For more information about the report, please visit: http://www.payscale.com/data-packages/ceo-pay.

About PayScale

PayScale powers compensation solutions in the cloud to provide immediate visibility into the right pay for any position. Creator of the world’s largest database of rich salary profiles, PayScale offers modern compensation software and real-time, data driven insights for employees and employers alike. More than 5,000 customers, from small businesses to Fortune 500 companies, use PayScale Benchmark™, PayScale Insight™ and MarketPay. These include Bloomberg BNA, Cummins, Intercom, Time Warner, Clemson University and Signature HealthCARE. For more information, please visit: http://www.payscale.com or follow PayScale on Twitter: http://twitter.com/payscale.

About Equilar

Equilar is the #1 provider of corporate governance solutions, collecting data on more than 140,000 executives and board members from thousands of public companies. Our cloud-based platforms organize this data into easily digestible formats, delivering executive compensation benchmarking and shareholder engagement tools with accuracy and integrity. These platforms bring together companies, shareholders and advisors to inform better business decisions and drive exceptional results. Founded in 2000, Equilar is trusted by more than 60% of the Fortune 500 and investors with $13 trillion assets under management, and is cited regularly by The New York Times, Bloomberg, Forbes, Fortune, Associated Press, CNN Money, CNBC, The Wall Street Journal and other leading media outlets.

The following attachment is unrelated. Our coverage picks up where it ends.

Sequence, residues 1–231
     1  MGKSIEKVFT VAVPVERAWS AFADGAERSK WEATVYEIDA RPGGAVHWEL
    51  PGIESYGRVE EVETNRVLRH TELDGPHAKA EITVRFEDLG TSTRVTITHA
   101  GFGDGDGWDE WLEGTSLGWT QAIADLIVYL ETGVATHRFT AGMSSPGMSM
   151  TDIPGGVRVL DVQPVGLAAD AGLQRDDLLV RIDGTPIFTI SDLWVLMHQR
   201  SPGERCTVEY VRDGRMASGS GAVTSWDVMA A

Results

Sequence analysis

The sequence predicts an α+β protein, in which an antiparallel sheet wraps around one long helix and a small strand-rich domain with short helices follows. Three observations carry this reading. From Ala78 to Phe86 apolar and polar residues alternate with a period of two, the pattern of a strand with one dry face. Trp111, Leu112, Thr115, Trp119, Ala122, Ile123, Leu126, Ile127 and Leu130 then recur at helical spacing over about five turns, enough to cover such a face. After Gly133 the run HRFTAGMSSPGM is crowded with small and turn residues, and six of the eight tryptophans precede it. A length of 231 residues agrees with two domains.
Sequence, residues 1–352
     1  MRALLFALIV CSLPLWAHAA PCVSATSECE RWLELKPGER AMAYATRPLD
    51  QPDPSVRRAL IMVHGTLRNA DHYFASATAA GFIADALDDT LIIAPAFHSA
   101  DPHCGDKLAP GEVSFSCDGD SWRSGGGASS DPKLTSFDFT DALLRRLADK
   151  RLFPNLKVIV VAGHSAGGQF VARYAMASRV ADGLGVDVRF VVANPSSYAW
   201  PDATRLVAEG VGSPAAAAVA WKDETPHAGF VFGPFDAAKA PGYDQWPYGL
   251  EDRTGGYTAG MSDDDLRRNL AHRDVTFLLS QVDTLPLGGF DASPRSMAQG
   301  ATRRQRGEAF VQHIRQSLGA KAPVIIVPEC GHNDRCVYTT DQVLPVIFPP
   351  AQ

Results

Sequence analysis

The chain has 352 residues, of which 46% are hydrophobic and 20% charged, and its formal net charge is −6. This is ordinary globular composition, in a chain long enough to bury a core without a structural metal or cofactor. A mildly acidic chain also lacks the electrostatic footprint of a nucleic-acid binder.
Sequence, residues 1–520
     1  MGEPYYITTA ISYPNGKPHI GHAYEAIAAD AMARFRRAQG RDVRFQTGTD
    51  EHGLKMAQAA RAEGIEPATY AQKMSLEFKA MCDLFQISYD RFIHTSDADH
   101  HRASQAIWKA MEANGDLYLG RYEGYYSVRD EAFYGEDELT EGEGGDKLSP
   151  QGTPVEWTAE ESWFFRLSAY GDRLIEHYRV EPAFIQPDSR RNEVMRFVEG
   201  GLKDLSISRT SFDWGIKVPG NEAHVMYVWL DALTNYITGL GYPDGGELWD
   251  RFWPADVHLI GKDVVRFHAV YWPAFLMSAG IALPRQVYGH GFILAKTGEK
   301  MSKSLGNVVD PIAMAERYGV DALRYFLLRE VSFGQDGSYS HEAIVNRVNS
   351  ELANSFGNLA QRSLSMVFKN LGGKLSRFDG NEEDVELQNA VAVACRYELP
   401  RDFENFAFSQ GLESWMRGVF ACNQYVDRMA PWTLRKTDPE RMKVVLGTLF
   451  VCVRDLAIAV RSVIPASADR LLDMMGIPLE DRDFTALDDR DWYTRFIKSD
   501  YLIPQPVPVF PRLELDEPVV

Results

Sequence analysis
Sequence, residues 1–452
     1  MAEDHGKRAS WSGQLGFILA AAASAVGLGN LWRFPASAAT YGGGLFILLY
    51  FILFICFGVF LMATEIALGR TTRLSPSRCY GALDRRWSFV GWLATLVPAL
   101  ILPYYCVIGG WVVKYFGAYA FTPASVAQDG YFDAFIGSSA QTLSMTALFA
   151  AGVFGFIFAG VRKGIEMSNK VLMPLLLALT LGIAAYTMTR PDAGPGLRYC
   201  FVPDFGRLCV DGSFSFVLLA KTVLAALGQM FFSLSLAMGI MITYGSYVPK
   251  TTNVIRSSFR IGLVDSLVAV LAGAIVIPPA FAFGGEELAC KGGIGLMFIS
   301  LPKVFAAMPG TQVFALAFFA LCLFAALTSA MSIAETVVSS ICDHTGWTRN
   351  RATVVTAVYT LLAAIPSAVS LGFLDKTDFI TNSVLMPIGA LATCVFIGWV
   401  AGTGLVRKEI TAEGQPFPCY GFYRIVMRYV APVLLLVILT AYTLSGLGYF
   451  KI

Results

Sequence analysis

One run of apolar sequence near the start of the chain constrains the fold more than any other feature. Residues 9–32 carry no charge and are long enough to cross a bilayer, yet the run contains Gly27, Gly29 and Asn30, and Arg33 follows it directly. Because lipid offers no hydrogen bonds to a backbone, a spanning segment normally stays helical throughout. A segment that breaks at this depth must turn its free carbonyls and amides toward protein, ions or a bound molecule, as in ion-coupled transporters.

PayScale Contact:
Steven Gottlieb
Gottlieb Group Communications
press(at)payscale(dot)com
206-427-9591

Equilar Contact:
Dan Marcec
Director of Content & Marketing Communications
dmarcec(at)equilar(dot)com
706-461-8333

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PayScale